The senior officer on station is none other than his old and unpleasant acquaintance Captain the Honorable Francis Forrester (The French Admiral, HMS Cockerel, A King’s Trade, King, Ship, and Sword). Though taken aback by Lewrie wearing the star of the Order of the Bath and medals for the Battles of St. Vincent and Camperdown, Forrester tries to pull rank on Lewrie and make him part of Forrester’s rather inactive command. Lewrie, as we might expect, is having none of it and forces Forrester to part with two of his smaller combatants: HMS Thorn brig (12) under Lieutenant Peter Darling and HMS Firefly sloop (8) under Lieutenant Oliver Lovett. Neither of whom are in good odor with Forrester. Forrester does so grudgingly and remains mesmerized by the danger of an imminent French and Spanish invasion which on one save him perceives.

While in port he goes ashore in Nassau and is hit by nostalgia for his time there with Caroline. The house they had occupied is now in ruins and occupied by soldiers and hookers making for something of a metaphor to his marriage to Caroline.

Their plan is to patrol the Bahamas Channel into the Florida Straits and from their sail up the Atlantic seaboard of Florida searching for privateers. After leaving the smaller vessels to establish a loose blockade of St. Augustine, Lewrie will check the significant Southern United States ports for evidence of privateers operating there in violation of US neutrality and enlist the British consuls in his operation.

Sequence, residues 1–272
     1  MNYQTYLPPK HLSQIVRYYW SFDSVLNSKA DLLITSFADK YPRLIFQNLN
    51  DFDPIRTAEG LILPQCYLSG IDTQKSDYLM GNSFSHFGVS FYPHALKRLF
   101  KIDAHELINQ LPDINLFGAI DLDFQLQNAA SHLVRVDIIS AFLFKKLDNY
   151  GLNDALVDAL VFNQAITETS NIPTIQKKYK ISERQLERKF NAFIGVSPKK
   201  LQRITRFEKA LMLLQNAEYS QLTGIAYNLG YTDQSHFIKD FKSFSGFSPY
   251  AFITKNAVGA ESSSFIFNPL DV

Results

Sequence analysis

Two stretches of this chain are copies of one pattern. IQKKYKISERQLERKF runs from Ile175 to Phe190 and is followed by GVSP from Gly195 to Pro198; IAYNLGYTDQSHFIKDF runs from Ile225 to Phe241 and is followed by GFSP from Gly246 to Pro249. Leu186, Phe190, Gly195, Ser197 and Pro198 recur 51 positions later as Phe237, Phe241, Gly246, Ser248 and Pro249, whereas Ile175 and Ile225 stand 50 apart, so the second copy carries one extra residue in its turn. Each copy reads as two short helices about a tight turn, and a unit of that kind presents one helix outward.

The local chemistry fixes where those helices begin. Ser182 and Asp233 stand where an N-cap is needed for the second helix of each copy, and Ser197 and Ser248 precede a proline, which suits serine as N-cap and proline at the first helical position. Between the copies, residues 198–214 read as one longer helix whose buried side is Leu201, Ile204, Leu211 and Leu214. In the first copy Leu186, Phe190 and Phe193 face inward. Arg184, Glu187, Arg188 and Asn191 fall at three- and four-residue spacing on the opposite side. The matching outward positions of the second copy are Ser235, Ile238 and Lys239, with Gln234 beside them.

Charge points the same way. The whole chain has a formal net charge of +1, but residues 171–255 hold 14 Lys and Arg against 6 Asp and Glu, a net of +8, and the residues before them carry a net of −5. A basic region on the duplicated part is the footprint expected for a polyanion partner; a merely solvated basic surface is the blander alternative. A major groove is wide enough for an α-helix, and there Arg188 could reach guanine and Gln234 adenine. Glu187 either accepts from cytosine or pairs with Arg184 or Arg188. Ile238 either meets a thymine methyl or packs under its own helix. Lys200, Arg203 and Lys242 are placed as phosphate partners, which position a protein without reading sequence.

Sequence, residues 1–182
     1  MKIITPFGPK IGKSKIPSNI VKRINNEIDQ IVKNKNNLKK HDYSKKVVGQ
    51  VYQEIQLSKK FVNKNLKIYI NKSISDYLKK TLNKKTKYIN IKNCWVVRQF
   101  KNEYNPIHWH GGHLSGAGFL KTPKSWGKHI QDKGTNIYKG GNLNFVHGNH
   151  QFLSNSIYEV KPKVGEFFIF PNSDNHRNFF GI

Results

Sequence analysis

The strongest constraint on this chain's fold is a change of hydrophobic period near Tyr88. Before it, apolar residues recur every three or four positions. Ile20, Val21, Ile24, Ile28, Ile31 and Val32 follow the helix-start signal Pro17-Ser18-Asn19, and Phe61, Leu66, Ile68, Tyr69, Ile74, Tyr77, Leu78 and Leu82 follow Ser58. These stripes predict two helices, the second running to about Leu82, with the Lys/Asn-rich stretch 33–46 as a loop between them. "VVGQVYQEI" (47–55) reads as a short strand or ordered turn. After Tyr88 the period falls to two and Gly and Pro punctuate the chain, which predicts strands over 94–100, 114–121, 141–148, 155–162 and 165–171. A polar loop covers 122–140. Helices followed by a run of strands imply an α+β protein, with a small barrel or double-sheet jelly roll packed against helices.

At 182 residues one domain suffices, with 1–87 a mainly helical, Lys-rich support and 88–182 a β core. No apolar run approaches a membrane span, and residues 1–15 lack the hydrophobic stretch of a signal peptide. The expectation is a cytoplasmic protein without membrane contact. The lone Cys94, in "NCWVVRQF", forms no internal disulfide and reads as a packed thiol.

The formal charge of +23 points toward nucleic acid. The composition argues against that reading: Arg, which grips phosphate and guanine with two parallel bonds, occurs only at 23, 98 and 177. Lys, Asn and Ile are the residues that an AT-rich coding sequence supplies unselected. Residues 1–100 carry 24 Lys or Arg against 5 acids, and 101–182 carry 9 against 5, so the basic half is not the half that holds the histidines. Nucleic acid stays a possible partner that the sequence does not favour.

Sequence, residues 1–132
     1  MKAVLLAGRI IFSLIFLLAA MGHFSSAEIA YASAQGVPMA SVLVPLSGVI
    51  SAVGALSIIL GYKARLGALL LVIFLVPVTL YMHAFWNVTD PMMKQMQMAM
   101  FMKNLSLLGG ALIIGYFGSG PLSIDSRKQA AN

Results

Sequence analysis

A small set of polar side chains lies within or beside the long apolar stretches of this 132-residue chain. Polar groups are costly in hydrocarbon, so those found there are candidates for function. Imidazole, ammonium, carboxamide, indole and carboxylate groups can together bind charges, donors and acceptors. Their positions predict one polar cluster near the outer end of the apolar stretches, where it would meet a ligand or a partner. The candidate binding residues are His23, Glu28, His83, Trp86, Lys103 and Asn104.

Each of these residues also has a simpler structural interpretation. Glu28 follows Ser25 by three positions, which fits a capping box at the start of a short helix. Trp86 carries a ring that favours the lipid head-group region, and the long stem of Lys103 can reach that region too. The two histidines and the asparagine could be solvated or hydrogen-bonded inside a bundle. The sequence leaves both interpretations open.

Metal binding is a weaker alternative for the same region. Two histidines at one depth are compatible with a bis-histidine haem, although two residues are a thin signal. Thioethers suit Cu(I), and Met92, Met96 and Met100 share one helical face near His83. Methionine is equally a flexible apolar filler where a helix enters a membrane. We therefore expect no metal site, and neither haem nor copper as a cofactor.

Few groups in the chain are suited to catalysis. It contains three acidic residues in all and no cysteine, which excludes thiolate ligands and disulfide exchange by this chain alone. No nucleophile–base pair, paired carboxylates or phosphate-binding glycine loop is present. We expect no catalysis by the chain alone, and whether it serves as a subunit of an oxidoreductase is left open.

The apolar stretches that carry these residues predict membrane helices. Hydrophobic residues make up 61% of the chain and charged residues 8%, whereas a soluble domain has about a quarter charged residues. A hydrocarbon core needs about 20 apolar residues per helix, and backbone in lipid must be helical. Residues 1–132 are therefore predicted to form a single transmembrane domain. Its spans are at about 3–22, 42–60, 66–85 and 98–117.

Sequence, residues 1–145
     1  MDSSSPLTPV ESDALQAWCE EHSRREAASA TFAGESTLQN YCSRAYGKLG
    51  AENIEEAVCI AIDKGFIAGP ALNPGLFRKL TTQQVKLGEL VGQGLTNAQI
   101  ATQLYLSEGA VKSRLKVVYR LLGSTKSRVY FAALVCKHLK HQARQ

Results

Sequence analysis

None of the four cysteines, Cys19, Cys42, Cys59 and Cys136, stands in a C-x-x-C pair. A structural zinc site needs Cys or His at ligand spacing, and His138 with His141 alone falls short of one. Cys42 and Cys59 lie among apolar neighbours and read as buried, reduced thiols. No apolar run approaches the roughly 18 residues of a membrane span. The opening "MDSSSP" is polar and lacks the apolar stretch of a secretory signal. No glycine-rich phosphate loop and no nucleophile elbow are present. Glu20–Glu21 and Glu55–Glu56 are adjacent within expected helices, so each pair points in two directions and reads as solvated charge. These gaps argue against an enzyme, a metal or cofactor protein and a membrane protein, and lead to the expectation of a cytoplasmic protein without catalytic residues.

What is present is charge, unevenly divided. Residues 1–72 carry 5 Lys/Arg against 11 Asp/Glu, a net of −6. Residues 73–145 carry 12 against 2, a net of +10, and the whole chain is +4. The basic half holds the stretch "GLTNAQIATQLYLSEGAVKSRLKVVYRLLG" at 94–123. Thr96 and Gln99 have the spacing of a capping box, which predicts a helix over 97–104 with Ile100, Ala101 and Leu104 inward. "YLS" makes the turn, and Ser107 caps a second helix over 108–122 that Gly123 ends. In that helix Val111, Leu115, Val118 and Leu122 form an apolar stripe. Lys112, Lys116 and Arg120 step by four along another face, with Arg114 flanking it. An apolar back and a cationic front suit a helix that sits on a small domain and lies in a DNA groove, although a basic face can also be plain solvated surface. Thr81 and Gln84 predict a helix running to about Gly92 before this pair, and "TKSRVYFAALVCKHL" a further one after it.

True to form, Lewrie sets about developing aggressive spirit and independence in his subordinate commanders while at the same time intensively drilling them in what he expects of them in action.

Their first success comes in surprising a pair of small Spanish privateers in Biscayne Bay.

Ed note: Here we are visited with a perennial Lambdin annoyance: the rendering of broken accented English into written dialogue. But I won’t mention this further other than to say be forewarned.

The approach to Wilmington also swamps Lewrie in a wave of nostalgia, it was here that he met his wife, Caroline, during the evacuation of troops and Loyalists that followed Cornwallis’s defeat at Yorktown.The British consul there is none other than Lewrie’s good friend Christopher Cashman (Sea of Grey, Havoc’s Sword, A King’s Trade, Baltic Gambit, Troubled Waters). At an informal dinner with Cashman, Lewrie’s diplomatic skills are tested to the limits when he meets Patriot side of his Loyalist wife’s family.

Ed note: There is an anomaly in the story telling as Lewrie is asked if he has ever been to Charleston before and he says that he was there during the Revolution. He forgets his pursuit of Calico Jack Finney into Charleston harbor and sinking him in broad daylight which would undoubtedly still be waterfront legend.

Anchored in the harbor is the French merchantman Otarie, which is obviously a privateer. While engaging in a battle of wits with the French consul, Lewrie renews acquaintances with the Douglas McGilliveray, the nominal uncle of Lewrie’s ¬†illegitimate son, Desmond McGilliveray. Lewrie finds Desmond is prospering in the new American navy. He also engages is a public and most undiplomatic dispute with the French privateer captain.